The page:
Labor Day!!!!

7 September 2021 0 Comments

Today is Labor Day. So, I decided to write about labor and postpartum. Most of the times women ask me or think that all the complications or changes in the bladder, bowel, or pain are normal. As we have been told for generations, by Moms, grandmas, friends that incontinence, pain with intercourse, prolapse, back pain is normal after pregnancy and delivery because most of them have experienced or is experiencing one or the other. So, what do you think? Is it normal to live that way? Is it okay to link all of the above to the most rewarding labor in your life.? Do we decide to live with it?

The answer is NO!!! All of the above is not NORMAL but is very common.

Stages of labor during Vaginal Birth:

First: Begins with the onset of regular contractions and ends with complete dilation of the cervix. Usually lasts between 12-19 hours.

Second: Begins with complete dilation and ends with the delivery of the baby. Lasts 20 mins to 2 hours. The baby descends to the pelvic floor, crowning occurs.

Third: Placental stage: Delivery of baby to expulsion of the placenta. Lasts 5 to 30 mins to avoid cervical closure and increased risk of hemorrhage and placental retention

Fourth: Mother’s Physiological adjustment to the pregnancy and birth. Lasts 1-4 hour after delivery. The mother experiences intermittent uterine contractions for up to 48 hours, oxytocin is released during breastfeeding, and may increase contractions. Pain relief is important so milk ejection reflex can take place


The surgical procedure is used to deliver the baby through an incision in the abdomen and uterus.

Two types of incisions :

  1. Vertical: Only done in a dire emergency. Quicker to perform, better visualization of the uterus.easily visible when healed, It has a greater risk of hernia formation.

2. Pfannenstiel: Commonly used. Less visible when healed, less chance of hernia.

Recovery stage: Anesthesia has to wear down. The mother needs to perform slow transfers. Pain management is important to help recovery. The abdominal muscles are lengthened as the abdominal wall has an incision. Physical Therapy plays an important role after C-section.


A cut is given in the perineum that extends through skin and muscle. Injury to tissue may have long-standing implications. Healing occurs by scar tissue formation.

Orthopedic injury:

During labor, the mother can experience injuries like joint compression, lengthening of ligaments, scar tissue, muscle injury, fracture, nerve compression, back pain, sacroiliac dysfunction, etc.


It is very important to take into consideration the psychosocial factor. The mother as one through a lot of changes physically and physiologically. Most common are PTSD and postpartum depression or anxiety. She needs a lot of support and help. Letting the physician know is very important.

Fourth trimester:

Birth to three months: It is important to screen for anxiety depression as she is making adjustments to the new life postpartum pain, breastfeeding challenges hormonal changes.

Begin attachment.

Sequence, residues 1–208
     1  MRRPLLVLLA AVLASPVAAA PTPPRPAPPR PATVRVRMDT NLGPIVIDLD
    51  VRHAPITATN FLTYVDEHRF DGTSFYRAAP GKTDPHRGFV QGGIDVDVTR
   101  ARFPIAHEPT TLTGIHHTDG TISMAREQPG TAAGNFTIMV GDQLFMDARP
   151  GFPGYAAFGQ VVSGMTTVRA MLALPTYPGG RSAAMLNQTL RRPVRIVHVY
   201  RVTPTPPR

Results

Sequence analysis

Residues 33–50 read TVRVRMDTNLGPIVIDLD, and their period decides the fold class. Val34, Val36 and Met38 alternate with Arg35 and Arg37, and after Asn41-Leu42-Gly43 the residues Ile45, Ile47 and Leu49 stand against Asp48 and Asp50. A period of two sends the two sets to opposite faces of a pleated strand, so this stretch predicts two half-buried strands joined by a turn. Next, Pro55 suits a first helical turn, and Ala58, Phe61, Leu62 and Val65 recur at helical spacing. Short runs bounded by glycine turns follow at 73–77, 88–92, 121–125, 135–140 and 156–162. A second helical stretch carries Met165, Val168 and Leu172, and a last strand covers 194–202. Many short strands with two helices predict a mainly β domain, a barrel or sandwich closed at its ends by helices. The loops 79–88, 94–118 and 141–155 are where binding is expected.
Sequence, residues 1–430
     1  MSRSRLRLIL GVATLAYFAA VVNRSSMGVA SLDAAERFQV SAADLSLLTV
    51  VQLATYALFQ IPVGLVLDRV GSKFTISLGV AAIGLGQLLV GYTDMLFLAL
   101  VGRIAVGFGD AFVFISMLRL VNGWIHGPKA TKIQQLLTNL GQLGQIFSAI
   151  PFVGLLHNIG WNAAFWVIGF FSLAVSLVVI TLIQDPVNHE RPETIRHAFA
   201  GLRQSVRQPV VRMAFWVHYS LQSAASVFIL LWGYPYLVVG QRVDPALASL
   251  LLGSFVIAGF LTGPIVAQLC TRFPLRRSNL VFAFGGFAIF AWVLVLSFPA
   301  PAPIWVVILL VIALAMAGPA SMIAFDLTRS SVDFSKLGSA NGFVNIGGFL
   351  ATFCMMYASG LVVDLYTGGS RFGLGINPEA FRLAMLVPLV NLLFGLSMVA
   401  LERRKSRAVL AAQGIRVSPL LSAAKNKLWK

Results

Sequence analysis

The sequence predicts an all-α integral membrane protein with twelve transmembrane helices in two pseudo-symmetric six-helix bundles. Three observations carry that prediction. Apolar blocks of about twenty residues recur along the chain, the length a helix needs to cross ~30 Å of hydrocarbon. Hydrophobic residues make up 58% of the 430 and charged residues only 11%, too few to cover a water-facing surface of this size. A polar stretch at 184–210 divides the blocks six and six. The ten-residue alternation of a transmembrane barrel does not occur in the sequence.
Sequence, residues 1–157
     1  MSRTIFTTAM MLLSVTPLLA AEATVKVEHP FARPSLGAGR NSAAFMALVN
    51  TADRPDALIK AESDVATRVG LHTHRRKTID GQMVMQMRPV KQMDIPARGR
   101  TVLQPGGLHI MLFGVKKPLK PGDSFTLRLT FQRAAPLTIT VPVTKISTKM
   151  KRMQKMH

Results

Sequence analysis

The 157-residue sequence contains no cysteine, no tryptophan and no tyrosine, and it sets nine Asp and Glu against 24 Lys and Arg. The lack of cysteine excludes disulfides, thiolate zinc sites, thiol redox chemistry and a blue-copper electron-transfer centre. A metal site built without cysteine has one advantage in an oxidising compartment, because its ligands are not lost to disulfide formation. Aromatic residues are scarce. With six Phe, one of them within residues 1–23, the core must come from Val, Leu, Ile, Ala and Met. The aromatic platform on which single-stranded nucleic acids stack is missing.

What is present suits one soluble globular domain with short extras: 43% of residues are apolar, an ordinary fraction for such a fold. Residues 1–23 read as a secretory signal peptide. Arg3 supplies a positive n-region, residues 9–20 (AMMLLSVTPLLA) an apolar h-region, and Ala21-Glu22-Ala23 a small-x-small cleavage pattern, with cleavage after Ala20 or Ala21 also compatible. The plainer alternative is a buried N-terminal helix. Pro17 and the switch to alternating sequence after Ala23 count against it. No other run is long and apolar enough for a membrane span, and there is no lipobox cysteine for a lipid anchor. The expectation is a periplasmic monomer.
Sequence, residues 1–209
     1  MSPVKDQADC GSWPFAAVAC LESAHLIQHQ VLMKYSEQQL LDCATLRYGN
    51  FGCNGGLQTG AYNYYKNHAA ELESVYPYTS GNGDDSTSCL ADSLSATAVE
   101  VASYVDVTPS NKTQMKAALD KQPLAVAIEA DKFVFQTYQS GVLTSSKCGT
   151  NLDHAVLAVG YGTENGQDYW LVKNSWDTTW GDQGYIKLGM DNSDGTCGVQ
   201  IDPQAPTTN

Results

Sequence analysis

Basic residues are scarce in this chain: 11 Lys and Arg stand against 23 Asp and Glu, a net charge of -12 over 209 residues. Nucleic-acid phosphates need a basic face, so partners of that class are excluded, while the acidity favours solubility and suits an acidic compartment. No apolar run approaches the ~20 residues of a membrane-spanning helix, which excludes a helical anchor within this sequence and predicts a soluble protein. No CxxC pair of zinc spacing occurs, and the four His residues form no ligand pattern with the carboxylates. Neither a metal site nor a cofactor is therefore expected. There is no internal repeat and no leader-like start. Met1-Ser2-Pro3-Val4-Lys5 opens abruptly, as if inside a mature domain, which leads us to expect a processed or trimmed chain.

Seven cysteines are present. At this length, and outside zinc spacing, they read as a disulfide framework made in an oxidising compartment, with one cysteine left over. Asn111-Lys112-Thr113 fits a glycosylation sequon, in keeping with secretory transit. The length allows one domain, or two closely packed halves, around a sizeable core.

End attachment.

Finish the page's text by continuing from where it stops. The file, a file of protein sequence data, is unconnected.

Common Complications after labor and delivery:

Breast Complications:

  1. Breast Mastitis: It is inflammation with or without infection. Common in 2nd and 3rd-week postpartum Treatment includes antibiotics, continue breastfeeding, and pumping. Heat, ice, support, analgesics help.
  2. Blocked milk duct: Edema, tenderness, hard lump, painful lump, and redness. Physical therapy can help.

Abdominal Complications:

  1. Diastasis recti: It is partial or complete separation of the rectus abdomen(the sic pack muscle) which meets at the midline of the stomach It is very common. 66% have it during pregnancy, 53% postpartum, 36% persist at 7 weeks. Physical therapy plays a very important role.
  2. Abdomen trigger points: Can cause pain, dysfunction
  3. Abdomen scar: C-section sutures heal by scar tissue formation which can be painful. Complications include irritable bowel syndrome, constipation, and digestive problems, painful intercourse & bowel movements, infertility. Pelvic Physical therapists can help by releasing scar trissue.

Pelvic Girdle Pain and Dysfunction: 1 in 4 women develop chronic postpartum pain and dysfunction. The mother can have coccydynia, fracture, sacroiliac dysfunction, sciatica. It is important to get expert consultation sooner than later. The study showed an 80% success rate in pain management after Physical therapy.

Pelvic floor: The pelvic floor consists of superficial muscles: help maintain clitoral erection, closes vagina, urethra. Deep muscles: Support pelvis, organs, fix the trunk with UE movement

Dysfunction :

  1. Urinary incontinence: This can be due to urgency, weakness. She can experience urinary retention.
  2. Bowel incontinence: Fecal incontinence or involuntary flatulence
  3. Supportive: Women can have prolapse postpartum secondary to weak pelvic floor muscles or decreased muscle coordination. It is characterized by a feeling of heaviness.
  4. Sexual pain: Many women experience pain with intercourse. This can be due to scar tissue formation or increase activity /tone of the pelvic floor muscles.


Pelvic floor Physical therapy plays an important role in the treatment of pelvic floor dysfunction. A study has shown pelvic physical therapy as the first-line of treatment for most pelvic floor disorders.

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